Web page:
but without it most of us wouldprobably never be able to purchase necessities such as a home or automobile. The nation’seconomy depends on credit, the promise to pay later for goods and services used today;but along with consumer credit comes consumer debt. With the rise in telemarketing andcommercializing in America it is no wonder why Americans feel the impulse to buy now,pay later. The most common form of consumer debt is installment debt, which is when aconsumer borrows the money to purchase an item and agrees to repay the loan in equalinstallments over a fixed period of time.Without installment debt most consumers could not afford to purchase items suchas a home.
The truth of the matter is that we, as Americans, tend to want to purchasemore than we can afford to purchase when we want it. But, we can afford to pay it out,over time, in fixed payments.Mortgages, a debt owed on real property, are the latest form of installment debt.Other forms include automobile loans and credit card purchases. Just pick up thenewspaper any time after Christmas and you will find articles on managing your mountingdebt from Christmas.Not realizing the extent of the consumers’ debt is one of the most common types ofcredit problems.
Denial may play a partial role in this problem, but the lack of educationseems to be the largest reason for consumer debt. Credit card use is up 20% and a largenumber of Americans do not know the percentage rate at which the credit card companiescharge. Many credit card companies have started “personalizing” interest rates by notdisclosing the interest rate until after the consumer has received the card. By notdisclosing the interest rate on the application the credit card companies prohibit theconsumer from shopping around for the best deal. You could just say they should cancel the credit card, but did you know severalrequests for consumer credit could be viewed negatively because the information isreported to the credit bureaus? This leaves you, the consumer, with a bad credit report.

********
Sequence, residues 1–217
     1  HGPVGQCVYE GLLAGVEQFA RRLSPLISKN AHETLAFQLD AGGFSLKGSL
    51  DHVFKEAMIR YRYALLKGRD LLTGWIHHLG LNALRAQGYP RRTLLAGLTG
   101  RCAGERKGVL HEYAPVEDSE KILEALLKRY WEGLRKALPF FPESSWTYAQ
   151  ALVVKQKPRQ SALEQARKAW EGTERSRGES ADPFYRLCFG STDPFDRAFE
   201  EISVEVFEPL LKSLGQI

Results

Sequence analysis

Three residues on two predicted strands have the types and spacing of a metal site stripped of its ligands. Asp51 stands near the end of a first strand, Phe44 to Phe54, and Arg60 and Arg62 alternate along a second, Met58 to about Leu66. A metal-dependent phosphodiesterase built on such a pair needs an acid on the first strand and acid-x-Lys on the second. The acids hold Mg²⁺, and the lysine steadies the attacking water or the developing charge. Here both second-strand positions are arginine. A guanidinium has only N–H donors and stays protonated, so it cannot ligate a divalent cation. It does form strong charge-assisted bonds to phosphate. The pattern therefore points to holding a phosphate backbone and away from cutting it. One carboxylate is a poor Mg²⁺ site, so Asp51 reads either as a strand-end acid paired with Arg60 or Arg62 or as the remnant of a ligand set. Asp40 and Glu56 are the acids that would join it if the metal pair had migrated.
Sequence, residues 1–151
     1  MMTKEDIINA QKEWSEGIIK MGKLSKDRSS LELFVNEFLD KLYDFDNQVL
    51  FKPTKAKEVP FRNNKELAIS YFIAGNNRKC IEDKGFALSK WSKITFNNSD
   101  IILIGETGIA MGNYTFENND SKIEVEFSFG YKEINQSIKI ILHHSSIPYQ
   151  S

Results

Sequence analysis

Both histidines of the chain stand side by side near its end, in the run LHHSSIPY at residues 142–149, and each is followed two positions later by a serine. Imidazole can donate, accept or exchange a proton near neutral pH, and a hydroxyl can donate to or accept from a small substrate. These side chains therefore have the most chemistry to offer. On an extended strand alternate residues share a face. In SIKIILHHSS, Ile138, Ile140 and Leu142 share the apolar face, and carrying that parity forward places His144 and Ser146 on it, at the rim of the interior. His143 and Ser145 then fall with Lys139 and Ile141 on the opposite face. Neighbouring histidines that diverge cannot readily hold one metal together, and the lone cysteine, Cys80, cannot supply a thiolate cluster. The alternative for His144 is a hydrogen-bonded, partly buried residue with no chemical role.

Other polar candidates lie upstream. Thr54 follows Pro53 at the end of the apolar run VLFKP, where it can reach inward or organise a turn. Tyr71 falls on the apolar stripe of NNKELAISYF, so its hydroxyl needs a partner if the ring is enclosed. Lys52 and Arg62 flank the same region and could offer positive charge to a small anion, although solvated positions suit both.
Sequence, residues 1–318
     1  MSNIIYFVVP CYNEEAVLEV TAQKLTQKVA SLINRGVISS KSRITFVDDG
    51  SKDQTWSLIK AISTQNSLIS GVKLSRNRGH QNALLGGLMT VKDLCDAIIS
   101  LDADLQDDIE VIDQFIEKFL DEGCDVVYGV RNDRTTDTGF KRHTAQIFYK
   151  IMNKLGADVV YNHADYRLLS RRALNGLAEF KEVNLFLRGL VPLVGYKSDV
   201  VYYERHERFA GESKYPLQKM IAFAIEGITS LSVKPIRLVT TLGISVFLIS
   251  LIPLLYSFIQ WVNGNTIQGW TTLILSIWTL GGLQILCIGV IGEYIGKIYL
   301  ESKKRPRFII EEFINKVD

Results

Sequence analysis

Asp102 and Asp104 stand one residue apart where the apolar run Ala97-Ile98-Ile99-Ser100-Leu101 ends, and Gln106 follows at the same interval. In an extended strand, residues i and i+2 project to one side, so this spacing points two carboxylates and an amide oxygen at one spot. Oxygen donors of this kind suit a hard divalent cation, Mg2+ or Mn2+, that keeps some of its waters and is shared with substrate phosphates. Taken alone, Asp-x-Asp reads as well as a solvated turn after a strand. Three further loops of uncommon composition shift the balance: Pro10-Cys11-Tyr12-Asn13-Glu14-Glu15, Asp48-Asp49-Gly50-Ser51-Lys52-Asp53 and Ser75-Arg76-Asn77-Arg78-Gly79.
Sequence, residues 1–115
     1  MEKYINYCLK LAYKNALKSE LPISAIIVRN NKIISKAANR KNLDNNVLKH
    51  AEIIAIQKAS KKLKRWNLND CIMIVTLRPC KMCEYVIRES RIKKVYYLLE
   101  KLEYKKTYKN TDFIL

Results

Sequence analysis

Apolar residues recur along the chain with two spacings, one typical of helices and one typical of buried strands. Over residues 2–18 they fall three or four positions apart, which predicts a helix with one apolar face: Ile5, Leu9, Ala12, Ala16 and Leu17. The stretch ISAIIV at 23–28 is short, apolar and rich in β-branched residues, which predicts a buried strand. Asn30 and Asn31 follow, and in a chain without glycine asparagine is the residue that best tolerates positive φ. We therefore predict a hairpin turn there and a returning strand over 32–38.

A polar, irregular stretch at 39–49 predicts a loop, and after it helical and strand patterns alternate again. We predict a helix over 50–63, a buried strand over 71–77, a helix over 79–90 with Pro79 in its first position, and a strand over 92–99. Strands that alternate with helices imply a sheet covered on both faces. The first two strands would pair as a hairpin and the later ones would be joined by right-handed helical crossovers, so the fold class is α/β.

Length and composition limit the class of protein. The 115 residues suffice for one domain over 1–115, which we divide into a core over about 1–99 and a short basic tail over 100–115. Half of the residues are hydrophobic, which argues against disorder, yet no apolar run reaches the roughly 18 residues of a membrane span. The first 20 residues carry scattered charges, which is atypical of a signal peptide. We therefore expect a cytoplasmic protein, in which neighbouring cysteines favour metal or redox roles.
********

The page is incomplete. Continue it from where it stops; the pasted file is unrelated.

Household debt and bankruptcy are at record levels and appear to be on the rise. Until weas consumers begin to educate ourselves and stop living beyond our means, we only haveourselves to blame.In conclusion, although consumers are not forced to buy, most feel compelled topurchase goods and services because they need them and do not want to wait. Rather thansaving they go into debt, the most common of which is installment debt.Bibliography1. Miller, R. L., Economics: Today and Tomorrow, Hesterville, Ohio; Glencoe-McGrawHill, 19952.
“Major Growing Pains” U.S. News and World Report (Oct. 21, 1996) Pg. 62-643. “What’s the Rate? They Won’t Say.” U.S.
News and World Report (Aug. 19, 1996) pg.614. Lee, Susan Susan Lee’s ABZ’s of Economics New York; Poseidon Press, 1987————————————————————–